235 N. Normal Ave, Burley, Cassia County, Idaho

Old photo, circa 1919 or 1920.

Price:  $15.00

A hipped roof house, photo a little blurry, but still a gem….And it’s been printed on the type of stock that was used for Real Photo Postcards though, as we can see, it couldn’t have been a postcard since the usual postal printing does not appear on the back.

“house faces west, this is front.  Dear Carrie  This does not Flatter the house as I really think this looks rather shabby but I dont know why this looks worse then it realy is to me. I will have another view taken not so close and more landscape. the Brick School is on the next Block south of us with no buildings between us yet. when I get it Painted it will look better. I have a little garden, a few beans, Peas, Radishes, Potatoes, tomatoes, Planted lots of seed that never came up for want of water, sowed more Beets, are coming nicely now not large but will make small Pickles hope tomatoes will too. The number on the house is 235. Can you see it? I Just got my old Shack moved the 25th. C. C. went that day, and made the man move it before he went, been Paid for ever since April, am using it for storehouse and coal house, may fix it up to rent not quite sure as it will take some money to do it, wish I could tho as it would be a good help this winter. do you write to Susie. I owe her & John a letter, do you write to Florence. I haven’t said half but good night. love from Harold to all, mother, me too.”

Ahhh, another beauty of a find that’s filled up with writing on the reverse! (We put up an RPPC a few posts ago.) This was written by Mary Bowne, who was born in Connecticut about 1866, of Irish/English descent, and widow of Linus Bowne. Mary’s occupation was private nurse, from the 1920 Federal Census for Burley, Cassia County, ID. The census and city directory show her at 235 N. Normal Avenue, and the census lists her as head of household for herself, son-in-law, Charles Moeller (a widower), and twelve-year-old grandson, Harold Moeller.

Sources:  R. L. Polk & Co.’s Polk’s Twin Falls, Blaine, Camas, Cassia, Gooding, Jerome, Lincoln and Minidoka Counties Directory 1920-1921. Page 351. Ancestry.com. U.S. City Directories, 1822-1995.

Year: 1920; Census Place: Burley, Cassia, Idaho; Roll: T625_290; Page: 10B; Enumeration District: 134. (Ancestry.com).

Killarney, Thro’ The Pass At Gap Of Dunloe

Killarney Thro The Pass At Gap Of Dunloe pc1Killarney Thro The Pass At Gap Of Dunloe pc2

Addressed to:   ” ‘Blue Nurses’ Emerson Hospital, Concord Mass U.S.A.”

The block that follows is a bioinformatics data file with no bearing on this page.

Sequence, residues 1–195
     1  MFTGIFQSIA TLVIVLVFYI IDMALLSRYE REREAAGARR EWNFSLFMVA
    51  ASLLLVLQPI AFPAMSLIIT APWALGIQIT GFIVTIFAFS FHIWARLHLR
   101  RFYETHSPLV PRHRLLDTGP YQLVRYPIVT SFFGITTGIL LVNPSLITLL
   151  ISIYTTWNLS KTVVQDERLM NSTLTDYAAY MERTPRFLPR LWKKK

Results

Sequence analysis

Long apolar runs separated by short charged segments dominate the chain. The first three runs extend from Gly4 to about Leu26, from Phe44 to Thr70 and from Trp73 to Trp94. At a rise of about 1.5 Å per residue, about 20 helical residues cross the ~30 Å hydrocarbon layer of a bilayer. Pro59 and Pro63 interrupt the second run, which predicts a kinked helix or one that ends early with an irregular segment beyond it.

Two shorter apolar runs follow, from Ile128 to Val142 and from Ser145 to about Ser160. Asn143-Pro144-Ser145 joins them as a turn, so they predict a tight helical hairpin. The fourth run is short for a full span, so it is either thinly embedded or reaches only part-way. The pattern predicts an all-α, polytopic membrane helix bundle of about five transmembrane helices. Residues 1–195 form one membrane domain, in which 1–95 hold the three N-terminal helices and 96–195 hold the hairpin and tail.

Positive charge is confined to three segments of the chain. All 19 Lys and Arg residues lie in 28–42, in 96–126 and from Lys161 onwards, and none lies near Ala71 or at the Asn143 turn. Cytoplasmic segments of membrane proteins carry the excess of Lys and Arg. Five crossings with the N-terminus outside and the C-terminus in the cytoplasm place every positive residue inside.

The term “Blue Nurses” doesn’t show up online, and with the surrounding quotes by the card sender, it must have been just an affectionate term he or she had for the nursing staff there at that time. Likely their uniforms were blue. (There are many examples that can be found online of vintage nurse uniforms, blue in color.) The sender, someone with a nice sense of humor, wrote an interesting note about his or her adventure in the Gap of Dunloe:

“June 17 – Imagine me on a little Irish poney starting thro’ this gap of Dunloe for 6 1/2 miles. Later on steep and rugged – so rough, in fact, that my poney fell and I went over his head and into a morass at the side of the trail – I’m mended now. I seem to have had trouble to spell pony – Perhaps the fall – I’ve enjoy[ed] my gift so much – M. Copeland.”

Appropriate, the injury and mending story being sent to nurses, eh?

And how ’bout that use of the word  thro’ ?  Multiple dictionary definitions describe it as:  An informal or poetic variant spelling of the word through. It is pronounced the same, just like the common variant that we see nowadays as thru.

Divided back, used postcard. Postmarked June 18, 1929 from Baile Atha Cliath (Dublin) Ireland. Publisher:  The Woolstone Bros., “Renowned” for Local Views. London. E. C. 1. The “Milton” Series. Printed in Saxony.

Price:  $15.00

Photos From A Family Album


This gallery contains 63 photos.

Here are a bunch of old photos from someone’s family album, that have been waiting around to finally get scanned and posted. This is WWI Era (the date from the army barracks photos appears to be 7/20/18) and several show … Continue reading